more difficult for them as they don’t have as much opportunity to fully support
their arguments with Experts and oral argument as they would in Court and once
the USPTO has reviewed prior art, the courts will assume that the patent claims
are valid in light of that art (the presumption of validity). Hence, Nucleonics
may be damaging their best case, right now.

5 Comments on “What to do in the US if you don't have standing to sue for revocation – more on Benitec v Nucleonics

  1. There were several
    re-examination requests from Nucleonics, which have been combined into one
    proceedings (original #: US 09/100,812, re-exams: US 90/007,247 and US
    As you stated the claims currently being pursued by Benitec are
    significantly limited from their original granted claims, but there have been a
    couple of rounds of communication with the examiner now, and an interview very
    recently.  The examiner at present seems to be maintaining his objections to the
    original claims, but I tend to be sceptical as after an interview objections
    that were firmly held can seem to vanish from the record with no information as
    to why. 

  2. In the US, I didn’t think it was an inter-partes re-examination, (USPTO PAIR is down at the moment, or I’d double check).  Nucleonics requested it and filed a lot of prior art, but haven’t been invited to comment further by the USPTO, all the remaining correspondence has been with the patentee only.  I guess this is in Nucleonic’s favour, they won’t have estoppel from an ex-partes procedure?Also – In Europe the case has been refused (appeal from refusal was turned down recently), there are pending divisionals but these have not started examination yet.  They do have a granted GB patent but my guess is that unfortunately this wasn’t strictly examined, the claims are much too broad bearing in mind what is happening in the US and Europe.   They also had a second family that only granted in GB, both the US and EP in this family were dropped.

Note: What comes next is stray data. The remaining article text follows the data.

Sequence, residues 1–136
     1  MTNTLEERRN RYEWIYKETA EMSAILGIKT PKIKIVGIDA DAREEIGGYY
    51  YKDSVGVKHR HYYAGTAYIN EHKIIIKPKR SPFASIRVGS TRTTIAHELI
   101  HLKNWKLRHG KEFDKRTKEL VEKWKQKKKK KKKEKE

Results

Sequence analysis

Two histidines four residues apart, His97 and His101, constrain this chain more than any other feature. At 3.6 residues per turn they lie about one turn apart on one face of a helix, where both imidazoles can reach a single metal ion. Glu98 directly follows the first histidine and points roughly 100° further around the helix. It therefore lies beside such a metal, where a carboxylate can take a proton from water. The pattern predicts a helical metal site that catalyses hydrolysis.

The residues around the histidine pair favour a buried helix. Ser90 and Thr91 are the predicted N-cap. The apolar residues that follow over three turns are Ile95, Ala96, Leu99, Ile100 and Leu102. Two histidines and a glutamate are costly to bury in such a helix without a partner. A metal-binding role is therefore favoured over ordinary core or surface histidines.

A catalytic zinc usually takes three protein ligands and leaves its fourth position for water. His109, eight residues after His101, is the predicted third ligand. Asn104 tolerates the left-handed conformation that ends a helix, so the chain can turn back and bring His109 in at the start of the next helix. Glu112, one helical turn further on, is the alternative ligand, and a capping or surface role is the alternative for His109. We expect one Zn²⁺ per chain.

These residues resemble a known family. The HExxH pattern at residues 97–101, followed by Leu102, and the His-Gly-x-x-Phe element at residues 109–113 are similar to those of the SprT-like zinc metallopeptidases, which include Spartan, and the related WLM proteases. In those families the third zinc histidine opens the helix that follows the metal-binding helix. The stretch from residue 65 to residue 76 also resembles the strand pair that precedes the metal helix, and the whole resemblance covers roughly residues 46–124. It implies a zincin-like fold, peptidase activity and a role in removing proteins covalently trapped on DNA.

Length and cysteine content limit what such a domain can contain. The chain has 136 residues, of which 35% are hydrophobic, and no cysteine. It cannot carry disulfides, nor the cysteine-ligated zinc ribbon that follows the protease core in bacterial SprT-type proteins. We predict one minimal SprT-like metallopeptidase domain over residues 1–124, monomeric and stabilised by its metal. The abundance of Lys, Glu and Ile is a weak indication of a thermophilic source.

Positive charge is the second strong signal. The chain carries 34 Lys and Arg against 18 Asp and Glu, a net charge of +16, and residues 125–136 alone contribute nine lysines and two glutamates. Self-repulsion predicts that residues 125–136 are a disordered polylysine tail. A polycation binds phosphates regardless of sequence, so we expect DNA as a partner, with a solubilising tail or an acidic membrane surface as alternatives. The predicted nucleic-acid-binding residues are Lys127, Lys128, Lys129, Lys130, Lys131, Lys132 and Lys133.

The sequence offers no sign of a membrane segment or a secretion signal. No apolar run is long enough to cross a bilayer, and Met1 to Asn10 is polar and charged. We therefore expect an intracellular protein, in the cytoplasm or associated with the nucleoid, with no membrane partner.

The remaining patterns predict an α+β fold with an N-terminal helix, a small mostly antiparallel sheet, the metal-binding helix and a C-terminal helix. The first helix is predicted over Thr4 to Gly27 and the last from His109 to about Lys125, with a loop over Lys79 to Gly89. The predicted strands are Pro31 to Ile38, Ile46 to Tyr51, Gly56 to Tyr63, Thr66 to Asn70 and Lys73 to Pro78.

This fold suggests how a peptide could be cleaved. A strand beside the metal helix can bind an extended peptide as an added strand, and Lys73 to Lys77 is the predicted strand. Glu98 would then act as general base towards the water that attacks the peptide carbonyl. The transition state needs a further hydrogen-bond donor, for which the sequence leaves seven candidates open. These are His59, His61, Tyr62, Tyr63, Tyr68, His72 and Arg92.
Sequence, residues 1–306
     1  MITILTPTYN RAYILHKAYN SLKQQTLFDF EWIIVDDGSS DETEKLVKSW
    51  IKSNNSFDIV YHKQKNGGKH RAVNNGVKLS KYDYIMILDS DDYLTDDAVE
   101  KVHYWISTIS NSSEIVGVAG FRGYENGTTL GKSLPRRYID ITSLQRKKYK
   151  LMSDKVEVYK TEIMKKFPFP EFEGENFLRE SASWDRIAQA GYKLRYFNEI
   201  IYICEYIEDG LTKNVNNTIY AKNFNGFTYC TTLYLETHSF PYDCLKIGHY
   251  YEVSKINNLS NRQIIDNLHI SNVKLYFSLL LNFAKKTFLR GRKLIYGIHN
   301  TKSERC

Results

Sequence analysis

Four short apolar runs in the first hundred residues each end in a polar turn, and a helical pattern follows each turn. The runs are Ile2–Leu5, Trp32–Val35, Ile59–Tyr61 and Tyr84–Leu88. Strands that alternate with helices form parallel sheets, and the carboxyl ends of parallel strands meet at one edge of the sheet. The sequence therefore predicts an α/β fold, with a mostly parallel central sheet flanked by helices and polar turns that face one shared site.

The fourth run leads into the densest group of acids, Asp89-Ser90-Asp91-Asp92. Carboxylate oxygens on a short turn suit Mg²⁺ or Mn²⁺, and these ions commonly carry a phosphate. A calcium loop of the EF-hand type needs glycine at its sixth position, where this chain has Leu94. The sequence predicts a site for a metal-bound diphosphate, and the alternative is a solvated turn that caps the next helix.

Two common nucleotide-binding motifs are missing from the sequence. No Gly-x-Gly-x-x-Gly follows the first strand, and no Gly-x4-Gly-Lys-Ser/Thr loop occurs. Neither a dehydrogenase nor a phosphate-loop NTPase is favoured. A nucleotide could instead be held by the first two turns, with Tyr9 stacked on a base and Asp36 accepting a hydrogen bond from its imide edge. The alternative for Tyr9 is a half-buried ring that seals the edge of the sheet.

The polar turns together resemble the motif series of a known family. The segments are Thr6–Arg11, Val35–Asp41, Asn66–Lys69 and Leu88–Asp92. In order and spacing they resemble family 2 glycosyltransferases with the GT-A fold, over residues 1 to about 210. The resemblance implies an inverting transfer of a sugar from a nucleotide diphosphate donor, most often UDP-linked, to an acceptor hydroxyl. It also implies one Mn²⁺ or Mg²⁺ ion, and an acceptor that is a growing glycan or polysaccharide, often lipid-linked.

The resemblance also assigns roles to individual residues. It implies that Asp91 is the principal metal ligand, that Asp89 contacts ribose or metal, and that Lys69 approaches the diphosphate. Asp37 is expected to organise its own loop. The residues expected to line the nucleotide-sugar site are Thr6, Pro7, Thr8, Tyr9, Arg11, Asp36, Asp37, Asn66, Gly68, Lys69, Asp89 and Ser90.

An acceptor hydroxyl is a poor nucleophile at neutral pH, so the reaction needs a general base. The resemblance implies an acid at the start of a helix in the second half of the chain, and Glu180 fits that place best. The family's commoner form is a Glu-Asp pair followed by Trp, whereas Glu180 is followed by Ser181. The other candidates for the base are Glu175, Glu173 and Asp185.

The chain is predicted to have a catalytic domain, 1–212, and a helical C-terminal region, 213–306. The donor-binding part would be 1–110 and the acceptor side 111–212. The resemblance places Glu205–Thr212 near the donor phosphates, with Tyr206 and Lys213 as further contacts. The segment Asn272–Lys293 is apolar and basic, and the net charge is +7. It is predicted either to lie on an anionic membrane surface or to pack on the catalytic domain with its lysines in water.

3. You are right about Re-Examination being ex parte – I have downloaded the Notice of Re-Examination and will see if I can post it. I think you’re also right that the estoppel issue won’t exist.  However, the presumption of validity problem will still be there.  Having said that, I’m not sure what other options there were for Nucleonics, given the standing issue.Europe – thanks for the update – that’s great.Does anyone think it would be worthwhile to put up a scorecard about this?

  4. Nucleonics press release released today states in part:’the [court of appeal] decision was made solely on narrow technical grounds of subject matter jurisdiction”Not only did the court not make a substantive determination upholding Benetic’s US 6,573,099 patent, …”Nucleonics does not believe that Benitec is entitled to any claims that would dominate Nucleonics’ in vivo expressed RNAi technology.’Nucleonics also stated that they agreed with Judge Dyk’s dissent and that they are considering whether to petition for a rehearing en banc by the CAFC and / or seek review by the US Supreme Court.